Now, this is great if you have a low-profile building—for example, some of the older buildings with 12-foot or 14-foot clearance work well there.
However, when you have 40-foot ceilings, and your tallest rack is around 15 feet tall, you’re not taking advantage of the space above it because there are still 25 feet of vertical space that can be utilized.
There are many different ways around this, and some facilities are layering mezzanines on top of each other.
This type of solution, however, is a very costly mezzanine with a costly floor, and then you also must have vertical lift units (elevators) to move bots between the 2 or 3 levels, and there’s much time lost in that transition.
The other way to do it is to pick only those two levels and send them to an order consolidation area. However, this adds touches.
3. Scalable Storage Picking Robots
This is another version where a goods-to-person picker-robot goes to a pick location and retrieves a tote or a carton from that location and takes that to the operator or robotic arms.
These robots are very adaptable, and some of them will climb the racks by driving up to the uprights, attaching themselves, and scaling up the rack so that they may pull a code or carton out of it, come back down, and deliver the goods to a person.
For the scalable robots to function properly, your facility will need a special rack and proper dimensions. So, you must factor in the cost of not only the robots but also the infrastructure.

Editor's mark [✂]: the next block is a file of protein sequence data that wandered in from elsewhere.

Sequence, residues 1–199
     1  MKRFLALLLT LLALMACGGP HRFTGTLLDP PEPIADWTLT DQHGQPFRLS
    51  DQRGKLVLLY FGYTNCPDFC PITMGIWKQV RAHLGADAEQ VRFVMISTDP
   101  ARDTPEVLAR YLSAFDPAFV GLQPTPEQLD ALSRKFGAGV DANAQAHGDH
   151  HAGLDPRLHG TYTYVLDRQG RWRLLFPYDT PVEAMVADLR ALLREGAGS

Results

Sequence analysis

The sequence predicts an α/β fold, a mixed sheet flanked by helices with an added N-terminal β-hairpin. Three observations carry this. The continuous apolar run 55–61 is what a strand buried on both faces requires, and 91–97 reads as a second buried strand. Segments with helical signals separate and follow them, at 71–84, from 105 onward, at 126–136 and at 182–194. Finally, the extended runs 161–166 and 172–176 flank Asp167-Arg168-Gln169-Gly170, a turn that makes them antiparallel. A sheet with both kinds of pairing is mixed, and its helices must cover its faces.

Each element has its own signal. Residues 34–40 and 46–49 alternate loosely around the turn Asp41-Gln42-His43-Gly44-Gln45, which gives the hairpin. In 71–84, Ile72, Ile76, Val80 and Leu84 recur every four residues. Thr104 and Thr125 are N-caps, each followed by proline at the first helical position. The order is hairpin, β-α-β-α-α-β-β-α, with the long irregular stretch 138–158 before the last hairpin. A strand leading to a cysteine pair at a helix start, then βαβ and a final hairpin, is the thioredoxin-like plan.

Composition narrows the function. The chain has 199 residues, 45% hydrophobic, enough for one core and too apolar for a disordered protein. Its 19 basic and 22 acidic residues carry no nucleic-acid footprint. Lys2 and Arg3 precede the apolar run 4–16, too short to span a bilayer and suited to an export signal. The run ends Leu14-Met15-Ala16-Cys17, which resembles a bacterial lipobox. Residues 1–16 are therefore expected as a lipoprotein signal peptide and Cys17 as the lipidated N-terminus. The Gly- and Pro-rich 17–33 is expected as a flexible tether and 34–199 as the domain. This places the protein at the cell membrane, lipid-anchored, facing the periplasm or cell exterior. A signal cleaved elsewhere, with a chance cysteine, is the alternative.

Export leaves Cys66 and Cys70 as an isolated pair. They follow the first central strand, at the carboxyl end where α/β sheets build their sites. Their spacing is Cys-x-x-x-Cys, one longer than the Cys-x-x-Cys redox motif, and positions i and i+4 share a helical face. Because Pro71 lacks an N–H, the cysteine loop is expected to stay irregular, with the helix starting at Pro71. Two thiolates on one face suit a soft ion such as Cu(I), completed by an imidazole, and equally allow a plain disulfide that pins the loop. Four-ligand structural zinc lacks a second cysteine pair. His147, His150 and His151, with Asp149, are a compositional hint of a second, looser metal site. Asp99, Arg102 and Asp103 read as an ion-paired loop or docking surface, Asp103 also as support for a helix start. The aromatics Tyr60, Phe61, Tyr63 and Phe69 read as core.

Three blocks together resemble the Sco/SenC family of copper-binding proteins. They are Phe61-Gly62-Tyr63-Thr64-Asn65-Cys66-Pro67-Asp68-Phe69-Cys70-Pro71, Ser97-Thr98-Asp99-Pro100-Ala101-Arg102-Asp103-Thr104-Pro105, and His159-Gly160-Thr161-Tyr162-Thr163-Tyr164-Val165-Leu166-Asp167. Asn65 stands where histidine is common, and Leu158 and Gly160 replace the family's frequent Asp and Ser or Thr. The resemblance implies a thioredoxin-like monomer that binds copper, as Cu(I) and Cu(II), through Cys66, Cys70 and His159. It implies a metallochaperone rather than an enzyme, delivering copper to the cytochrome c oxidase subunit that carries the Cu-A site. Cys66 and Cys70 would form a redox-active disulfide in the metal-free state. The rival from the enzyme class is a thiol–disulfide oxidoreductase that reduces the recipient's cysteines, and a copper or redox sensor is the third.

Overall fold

The disadvantage of these adaptive robots is that you’re typically dealing with one stock-keeping unit (SKU) at a time, so it requires a significant number of autonomous robots to meet any high throughput rates.
4. Automatically Guided Vehicles (AGVs)
Self-driving forklifts. The large or bulk movers. The auto 1500s.
Simply put, they pick up pallets and move them to another location.
However, there is a wide range of operations for AGVs.
One of the applications that I have seen this in was in Canada, where they moved transmissions around in a Toyota assembly plant.
The AGVs were on a fixture that would move these transmissions to a different point in the assembly line.
It is common to see them used for picking up pallets in the receiving area and transporting them to the reserve storage area.
Today, many AGVs can be manually overridden and used by an operator if needed, and they come in several model types such as pallet jacks, reach trucks, tow tractors, and equipment used in very narrow aisles.
AGVs have been around for a while and the several model types cover almost every operation needed from shipping to receiving to transportation and storage.
The main disadvantage for AGVs is their operational speed. Due to their plethora of safety features, they travel on average at 2 MPH, while the average operator will travel up to 15 MPH when making long runs.
And while they can operate in the same workspace as other operators on forklifts, it is not ideal due to their slower pace and large footprint.
What are the Disadvantages of all AMRs?
These intelligent robots have many benefits, but one significant disadvantage is they’re not as fast as a human walking or somebody on a walkie rider or reach truck driving down the aisle simply because of all the safety requirements.